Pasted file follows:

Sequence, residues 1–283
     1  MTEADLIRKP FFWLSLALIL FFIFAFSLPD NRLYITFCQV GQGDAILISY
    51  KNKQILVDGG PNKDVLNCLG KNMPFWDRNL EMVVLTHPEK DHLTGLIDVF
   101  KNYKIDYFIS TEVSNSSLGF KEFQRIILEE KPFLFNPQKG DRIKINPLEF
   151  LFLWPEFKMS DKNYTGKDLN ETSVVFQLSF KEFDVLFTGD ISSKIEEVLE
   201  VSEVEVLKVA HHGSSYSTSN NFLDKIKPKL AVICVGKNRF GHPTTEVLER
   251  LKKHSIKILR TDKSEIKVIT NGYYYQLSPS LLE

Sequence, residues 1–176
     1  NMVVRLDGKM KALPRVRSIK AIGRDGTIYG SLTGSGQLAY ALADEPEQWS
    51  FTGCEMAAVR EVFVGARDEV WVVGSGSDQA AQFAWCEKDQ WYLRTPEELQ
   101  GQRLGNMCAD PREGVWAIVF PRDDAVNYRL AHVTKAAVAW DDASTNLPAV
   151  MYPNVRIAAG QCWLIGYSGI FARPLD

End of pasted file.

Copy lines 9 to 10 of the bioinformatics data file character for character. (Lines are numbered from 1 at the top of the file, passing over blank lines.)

     1  NMVVRLDGKM KALPRVRSIK AIGRDGTIYG SLTGSGQLAY ALADEPEQWS
    51  FTGCEMAAVR EVFVGARDEV WVVGSGSDQA AQFAWCEKDQ WYLRTPEELQ